The buoy has been deployed for a six month validation period near the existing Ijmuiden met-mast, some 75 km west off IJmuiden in the Tromp Binnen wind farm area. The floating platform has a diameter of 2.8 meters and a weight of around 1.7 tonnes and is collecting data on wind, current, wave and ambient conditions. An independent analyst will evaluate the data and the results are expected to be available in the summer of 2014. The project is co-funded by FLOW (Far and Large Offshore Wind), a research and development programme sponsored by the Dutch Ministry of Economic Affairs.
The aim of the test is to find a cost efficient offshore measurement solution as an alternative for expensive fixed met-masts. The measurement data recorded by the metocean buoy will therefore be validated against the data of the IJmuiden met-mast. The buoy is equipped with a LiDAR (Light Detection And Ranging) device, a laser-based technology which is able to perform remote measurements of wind speed and direction. The SEAWATCH Wind LiDAR Buoy costs 10 to 20 per cent as much as a conventional met-mast and so makes a significant contribution to reducing offshore wind development costs.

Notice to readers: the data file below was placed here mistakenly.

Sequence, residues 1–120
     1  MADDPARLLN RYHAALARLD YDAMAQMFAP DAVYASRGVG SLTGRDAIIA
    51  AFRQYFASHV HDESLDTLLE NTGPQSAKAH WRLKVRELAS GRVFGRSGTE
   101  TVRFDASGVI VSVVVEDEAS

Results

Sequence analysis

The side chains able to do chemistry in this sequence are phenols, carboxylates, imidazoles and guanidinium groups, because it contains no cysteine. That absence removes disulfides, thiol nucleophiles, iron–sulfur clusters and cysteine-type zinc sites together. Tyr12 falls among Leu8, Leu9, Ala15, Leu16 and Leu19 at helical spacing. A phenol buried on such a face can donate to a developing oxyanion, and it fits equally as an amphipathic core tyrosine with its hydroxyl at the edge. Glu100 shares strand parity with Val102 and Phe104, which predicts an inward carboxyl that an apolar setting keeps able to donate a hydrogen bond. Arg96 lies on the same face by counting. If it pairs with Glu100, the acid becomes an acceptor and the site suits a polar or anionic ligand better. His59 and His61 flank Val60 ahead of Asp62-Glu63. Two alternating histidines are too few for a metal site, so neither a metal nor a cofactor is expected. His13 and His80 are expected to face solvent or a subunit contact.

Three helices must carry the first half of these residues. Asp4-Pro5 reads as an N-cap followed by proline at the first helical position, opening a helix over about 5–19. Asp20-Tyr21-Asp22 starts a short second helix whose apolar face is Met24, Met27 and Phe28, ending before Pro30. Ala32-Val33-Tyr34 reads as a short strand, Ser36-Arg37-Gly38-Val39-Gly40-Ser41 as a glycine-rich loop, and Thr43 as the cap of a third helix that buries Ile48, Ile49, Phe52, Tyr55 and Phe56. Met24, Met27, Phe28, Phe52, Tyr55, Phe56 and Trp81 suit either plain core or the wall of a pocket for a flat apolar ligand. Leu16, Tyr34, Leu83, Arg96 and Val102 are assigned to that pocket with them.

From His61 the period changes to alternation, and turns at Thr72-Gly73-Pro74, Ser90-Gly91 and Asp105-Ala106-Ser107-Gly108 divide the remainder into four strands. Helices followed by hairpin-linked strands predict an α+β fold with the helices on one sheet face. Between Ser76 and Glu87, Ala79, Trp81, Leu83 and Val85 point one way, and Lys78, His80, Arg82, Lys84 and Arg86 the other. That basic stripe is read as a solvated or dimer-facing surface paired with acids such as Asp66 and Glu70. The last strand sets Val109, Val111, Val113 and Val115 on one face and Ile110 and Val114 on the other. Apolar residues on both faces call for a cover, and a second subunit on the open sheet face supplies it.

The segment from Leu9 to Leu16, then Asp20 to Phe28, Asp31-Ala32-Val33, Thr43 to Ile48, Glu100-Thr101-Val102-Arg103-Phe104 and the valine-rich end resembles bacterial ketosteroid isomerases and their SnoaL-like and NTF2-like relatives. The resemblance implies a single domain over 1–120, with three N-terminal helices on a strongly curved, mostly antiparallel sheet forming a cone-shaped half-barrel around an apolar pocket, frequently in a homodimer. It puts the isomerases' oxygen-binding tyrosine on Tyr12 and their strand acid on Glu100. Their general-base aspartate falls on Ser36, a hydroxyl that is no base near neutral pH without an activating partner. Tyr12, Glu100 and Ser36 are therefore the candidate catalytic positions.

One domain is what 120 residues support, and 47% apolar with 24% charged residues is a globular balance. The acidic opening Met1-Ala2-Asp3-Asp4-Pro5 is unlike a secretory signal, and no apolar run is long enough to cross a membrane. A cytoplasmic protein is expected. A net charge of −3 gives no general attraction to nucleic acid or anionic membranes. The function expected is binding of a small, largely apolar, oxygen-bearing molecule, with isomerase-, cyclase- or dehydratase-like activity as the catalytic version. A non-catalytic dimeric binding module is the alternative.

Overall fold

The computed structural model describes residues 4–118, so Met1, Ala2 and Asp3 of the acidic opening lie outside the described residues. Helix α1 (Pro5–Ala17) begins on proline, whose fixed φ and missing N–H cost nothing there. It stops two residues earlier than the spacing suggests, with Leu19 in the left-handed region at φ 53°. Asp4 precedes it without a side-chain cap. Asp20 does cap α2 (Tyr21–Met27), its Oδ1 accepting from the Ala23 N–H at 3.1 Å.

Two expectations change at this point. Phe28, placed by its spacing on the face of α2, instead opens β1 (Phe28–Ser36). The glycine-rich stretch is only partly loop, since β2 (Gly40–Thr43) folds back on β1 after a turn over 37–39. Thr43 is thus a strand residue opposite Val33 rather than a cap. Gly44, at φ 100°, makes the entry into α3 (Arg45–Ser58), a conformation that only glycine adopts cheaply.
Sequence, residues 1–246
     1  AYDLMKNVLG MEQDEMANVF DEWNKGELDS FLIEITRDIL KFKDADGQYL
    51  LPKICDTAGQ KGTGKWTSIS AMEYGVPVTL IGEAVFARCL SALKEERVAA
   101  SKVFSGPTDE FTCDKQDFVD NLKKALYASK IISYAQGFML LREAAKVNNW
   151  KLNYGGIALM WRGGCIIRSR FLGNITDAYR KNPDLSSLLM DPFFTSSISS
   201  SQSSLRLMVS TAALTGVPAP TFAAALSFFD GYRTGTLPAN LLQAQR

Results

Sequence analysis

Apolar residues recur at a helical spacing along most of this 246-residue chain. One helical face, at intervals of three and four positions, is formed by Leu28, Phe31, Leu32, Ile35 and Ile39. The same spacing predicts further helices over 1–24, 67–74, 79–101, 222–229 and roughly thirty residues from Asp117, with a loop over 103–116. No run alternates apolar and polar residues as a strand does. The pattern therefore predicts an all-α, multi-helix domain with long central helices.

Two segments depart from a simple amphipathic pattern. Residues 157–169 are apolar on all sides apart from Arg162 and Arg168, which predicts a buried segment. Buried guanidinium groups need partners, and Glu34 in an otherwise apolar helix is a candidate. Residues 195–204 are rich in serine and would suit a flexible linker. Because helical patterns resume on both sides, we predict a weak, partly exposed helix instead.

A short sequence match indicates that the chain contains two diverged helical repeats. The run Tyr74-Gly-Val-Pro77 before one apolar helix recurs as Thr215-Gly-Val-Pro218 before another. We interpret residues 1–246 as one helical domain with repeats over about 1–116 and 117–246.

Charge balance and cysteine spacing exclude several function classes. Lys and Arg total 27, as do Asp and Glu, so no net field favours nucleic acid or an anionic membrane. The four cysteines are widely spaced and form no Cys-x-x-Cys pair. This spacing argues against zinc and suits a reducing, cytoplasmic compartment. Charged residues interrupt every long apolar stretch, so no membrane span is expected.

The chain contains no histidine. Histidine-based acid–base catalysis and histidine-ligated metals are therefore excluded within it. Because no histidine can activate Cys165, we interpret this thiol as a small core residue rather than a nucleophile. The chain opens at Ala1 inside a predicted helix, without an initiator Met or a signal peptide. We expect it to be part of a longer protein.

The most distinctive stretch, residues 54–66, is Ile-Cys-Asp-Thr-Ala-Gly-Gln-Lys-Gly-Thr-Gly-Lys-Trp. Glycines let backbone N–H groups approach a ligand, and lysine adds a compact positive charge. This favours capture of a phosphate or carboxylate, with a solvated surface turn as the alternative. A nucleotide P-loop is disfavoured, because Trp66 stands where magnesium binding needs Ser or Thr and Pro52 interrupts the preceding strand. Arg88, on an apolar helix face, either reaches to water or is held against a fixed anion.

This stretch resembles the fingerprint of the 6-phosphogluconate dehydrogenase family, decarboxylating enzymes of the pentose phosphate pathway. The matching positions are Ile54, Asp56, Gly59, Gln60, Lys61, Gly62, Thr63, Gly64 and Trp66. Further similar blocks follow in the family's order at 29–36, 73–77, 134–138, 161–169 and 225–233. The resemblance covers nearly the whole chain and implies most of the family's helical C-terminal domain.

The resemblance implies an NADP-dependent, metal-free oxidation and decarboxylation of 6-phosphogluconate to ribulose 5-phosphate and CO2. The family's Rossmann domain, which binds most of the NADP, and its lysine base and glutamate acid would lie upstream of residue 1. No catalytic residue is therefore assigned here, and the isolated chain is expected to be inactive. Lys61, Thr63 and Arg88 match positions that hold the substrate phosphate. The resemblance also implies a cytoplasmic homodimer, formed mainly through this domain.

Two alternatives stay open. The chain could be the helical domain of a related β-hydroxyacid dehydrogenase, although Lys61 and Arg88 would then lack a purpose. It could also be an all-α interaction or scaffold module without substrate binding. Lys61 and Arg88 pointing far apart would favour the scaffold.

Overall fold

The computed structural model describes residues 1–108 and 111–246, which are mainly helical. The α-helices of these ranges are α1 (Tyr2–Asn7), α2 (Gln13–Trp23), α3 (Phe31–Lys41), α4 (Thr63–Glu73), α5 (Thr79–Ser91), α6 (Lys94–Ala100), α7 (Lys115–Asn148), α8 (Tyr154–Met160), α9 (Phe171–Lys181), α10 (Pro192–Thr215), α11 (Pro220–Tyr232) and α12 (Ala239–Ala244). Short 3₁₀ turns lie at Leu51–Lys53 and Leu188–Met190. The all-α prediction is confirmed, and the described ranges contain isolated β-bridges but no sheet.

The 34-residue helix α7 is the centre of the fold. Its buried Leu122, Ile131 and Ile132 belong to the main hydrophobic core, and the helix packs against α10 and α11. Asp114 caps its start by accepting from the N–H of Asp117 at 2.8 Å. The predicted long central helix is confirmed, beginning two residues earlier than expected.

“Wind and wave data is of fundamental importance for the development, construction and operation of offshore wind farms” said Ruben Dijkstra, Director Wind Offshore Eneco. “Affordable non-stationary equipment for accurate assessment of wind resources can improve the measuring methodology and ultimately reduce costs for offshore wind projects. After the six month testing period, we are planning to deploy the metocean buoy at our Eneco Luchterduinen offshore wind farm for a duration test of more than one year during the construction phase.”
Niels Bijkersma, Project Manager at RWE Innogy added that the test is the third such testing and validation campaign conducted at an RWE Innogy site. The first two buoys were deployed at the Gwynt y Môr offshore wind farm and the company expects to be able to demonstrate that metocean buoys are a “reliable, accurate and cost-effective alternative for recording metocean data in challenging offshore conditions over an extended period of time.”
The insights obtained from different approaches can benefit the offshore industry by improving wind farm layouts through better knowledge about load and wake effects. Metocean buoys can be used to perform wind resource assessments, to measure metocean conditions, to conduct power performance tests of wind turbines and to facilitate energy yield optimisation of operating offshore wind farms. The buoys can be easily relocated and potentially substitute multiple met-masts during their operating life.
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